Microsoft knew about the critical flaw in Internet Explorer (IE) that was recently exploited by hackers to gain entry to the systems of Google and at least 20 other big name companies.
Redmond issued an out-of-cycle patch for the flaw yesterday, urging all IE users to apply the fix as soon as possible.
However, Microsoft security programme manager Jerry Bryant said in a blog posting yesterday: "When the attack discussed in Security Advisory 979352 was first brought to our attention on Jan 11, we quickly released an advisory for customers three days later.
"As part of that investigation, we also determined that the vulnerability was the same as a vulnerability responsibly reported to us and confirmed in early September."
The news will come as no surprise to many security watchers, although it highlights what some have described as an inadequate system of 'responsible disclosure'.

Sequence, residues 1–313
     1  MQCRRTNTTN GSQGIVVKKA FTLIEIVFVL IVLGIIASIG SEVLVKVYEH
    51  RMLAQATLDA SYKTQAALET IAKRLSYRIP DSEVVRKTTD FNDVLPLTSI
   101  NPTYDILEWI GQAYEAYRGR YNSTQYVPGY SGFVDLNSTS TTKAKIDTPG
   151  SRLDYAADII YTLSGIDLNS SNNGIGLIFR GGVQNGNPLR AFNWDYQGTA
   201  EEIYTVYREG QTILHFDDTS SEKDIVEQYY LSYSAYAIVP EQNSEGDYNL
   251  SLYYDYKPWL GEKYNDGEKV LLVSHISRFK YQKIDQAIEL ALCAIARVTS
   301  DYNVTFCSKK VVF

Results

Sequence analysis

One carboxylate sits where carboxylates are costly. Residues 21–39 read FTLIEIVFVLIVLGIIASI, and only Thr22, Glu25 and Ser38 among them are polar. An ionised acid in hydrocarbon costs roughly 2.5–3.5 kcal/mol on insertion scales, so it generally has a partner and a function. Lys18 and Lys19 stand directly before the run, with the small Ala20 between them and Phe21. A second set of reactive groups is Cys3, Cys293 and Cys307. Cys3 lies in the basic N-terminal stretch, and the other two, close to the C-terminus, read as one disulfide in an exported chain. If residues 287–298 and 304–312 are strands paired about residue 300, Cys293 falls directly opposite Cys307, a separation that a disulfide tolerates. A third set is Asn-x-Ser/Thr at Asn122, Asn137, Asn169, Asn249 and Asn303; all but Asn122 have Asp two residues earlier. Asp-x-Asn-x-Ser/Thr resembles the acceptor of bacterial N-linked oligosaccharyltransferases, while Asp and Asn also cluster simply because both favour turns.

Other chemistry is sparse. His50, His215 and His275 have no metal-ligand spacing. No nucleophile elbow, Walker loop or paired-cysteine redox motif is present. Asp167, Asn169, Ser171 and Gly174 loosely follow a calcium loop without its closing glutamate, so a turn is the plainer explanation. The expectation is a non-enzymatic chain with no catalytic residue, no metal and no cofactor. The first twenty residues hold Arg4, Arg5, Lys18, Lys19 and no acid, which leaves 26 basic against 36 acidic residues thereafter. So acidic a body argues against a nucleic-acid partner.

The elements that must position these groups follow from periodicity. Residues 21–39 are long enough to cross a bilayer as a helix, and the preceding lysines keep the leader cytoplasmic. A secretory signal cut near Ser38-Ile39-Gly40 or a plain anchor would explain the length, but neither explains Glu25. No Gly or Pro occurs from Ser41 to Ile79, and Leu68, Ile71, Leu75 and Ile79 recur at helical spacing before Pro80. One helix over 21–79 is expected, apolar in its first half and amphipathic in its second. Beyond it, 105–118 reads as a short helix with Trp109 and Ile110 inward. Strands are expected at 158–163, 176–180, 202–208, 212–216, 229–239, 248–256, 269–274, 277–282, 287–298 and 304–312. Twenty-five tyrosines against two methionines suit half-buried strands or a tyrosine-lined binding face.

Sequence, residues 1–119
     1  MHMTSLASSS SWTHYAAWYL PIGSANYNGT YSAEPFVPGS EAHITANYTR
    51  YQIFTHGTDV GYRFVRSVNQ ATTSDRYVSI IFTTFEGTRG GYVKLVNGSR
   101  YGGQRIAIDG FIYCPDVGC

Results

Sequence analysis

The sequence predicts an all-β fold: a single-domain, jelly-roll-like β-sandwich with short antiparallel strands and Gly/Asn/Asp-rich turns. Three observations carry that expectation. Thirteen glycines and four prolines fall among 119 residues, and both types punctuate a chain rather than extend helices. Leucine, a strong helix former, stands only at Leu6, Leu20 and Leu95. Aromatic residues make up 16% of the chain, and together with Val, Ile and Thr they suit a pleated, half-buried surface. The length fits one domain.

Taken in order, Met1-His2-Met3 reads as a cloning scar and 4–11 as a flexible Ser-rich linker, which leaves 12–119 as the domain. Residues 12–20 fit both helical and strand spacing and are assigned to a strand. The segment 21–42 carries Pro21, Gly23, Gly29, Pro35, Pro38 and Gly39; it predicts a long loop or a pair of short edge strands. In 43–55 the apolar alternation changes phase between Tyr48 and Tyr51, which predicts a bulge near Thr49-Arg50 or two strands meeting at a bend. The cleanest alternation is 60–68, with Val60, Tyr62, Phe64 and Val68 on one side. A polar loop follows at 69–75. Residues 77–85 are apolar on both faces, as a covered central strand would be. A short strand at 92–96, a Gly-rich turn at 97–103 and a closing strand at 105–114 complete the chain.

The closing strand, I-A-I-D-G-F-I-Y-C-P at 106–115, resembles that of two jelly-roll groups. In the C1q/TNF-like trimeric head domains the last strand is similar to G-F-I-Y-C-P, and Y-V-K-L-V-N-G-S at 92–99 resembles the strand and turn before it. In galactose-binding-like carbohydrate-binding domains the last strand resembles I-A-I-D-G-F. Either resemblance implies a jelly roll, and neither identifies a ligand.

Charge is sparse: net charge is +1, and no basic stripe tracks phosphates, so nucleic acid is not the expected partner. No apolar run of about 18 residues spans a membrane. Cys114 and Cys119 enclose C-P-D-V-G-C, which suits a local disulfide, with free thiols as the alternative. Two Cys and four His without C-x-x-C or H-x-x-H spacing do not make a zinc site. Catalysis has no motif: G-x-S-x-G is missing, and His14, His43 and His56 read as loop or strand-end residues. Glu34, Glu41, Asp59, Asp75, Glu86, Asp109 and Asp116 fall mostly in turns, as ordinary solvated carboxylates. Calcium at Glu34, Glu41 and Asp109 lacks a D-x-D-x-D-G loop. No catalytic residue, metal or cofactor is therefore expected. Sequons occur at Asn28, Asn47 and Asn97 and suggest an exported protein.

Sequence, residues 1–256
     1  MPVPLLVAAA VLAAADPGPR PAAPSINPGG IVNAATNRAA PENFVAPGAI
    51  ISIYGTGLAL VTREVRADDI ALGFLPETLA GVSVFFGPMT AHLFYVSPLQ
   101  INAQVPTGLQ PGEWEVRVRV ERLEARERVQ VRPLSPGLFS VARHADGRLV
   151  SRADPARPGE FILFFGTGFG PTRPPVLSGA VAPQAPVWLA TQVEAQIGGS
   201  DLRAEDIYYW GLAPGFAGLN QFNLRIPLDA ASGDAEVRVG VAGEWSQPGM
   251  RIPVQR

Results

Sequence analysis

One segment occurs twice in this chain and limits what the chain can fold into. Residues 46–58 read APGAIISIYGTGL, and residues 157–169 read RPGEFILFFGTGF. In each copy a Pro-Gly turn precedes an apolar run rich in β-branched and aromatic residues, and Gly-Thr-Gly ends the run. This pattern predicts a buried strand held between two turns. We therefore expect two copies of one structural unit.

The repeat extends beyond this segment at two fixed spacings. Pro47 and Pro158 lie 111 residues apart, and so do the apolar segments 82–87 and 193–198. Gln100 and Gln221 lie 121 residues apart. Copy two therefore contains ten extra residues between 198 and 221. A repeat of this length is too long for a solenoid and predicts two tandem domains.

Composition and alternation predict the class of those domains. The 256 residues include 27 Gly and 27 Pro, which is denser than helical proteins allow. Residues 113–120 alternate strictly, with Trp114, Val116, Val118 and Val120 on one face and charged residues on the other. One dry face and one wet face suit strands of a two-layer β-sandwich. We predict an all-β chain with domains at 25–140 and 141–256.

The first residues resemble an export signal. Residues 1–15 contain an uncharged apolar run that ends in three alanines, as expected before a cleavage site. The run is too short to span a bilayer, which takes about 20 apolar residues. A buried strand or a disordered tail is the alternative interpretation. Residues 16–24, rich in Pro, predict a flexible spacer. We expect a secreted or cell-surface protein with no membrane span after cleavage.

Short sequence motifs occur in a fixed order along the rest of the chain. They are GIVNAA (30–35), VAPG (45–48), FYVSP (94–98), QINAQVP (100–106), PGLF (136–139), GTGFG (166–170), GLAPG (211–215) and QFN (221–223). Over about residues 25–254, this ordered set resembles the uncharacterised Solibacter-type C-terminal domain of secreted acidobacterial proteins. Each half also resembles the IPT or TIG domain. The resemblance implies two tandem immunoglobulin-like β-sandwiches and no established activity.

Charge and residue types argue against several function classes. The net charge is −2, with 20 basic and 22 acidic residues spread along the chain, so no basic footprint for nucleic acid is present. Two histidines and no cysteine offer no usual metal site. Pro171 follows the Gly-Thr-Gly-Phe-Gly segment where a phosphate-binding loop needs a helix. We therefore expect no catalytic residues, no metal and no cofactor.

Last week, little-known Russian security firm Intevydis said that it will publish details of zero-day exploits in business software every day for the rest of January in protest at the private disclosure system which it believes is flawed.
Intevydis claimed that vendors usually sit on vulnerabilities that are disclosed in private, whereas they act faster if the disclosure is made public without prior knowledge.
"Our position on responsible disclosure policy has evolved, and now we do not support it because it is enforced by vendors and it allows vendors to exploit security researchers to do quality assurance work for free," the firm added in a blog posting.
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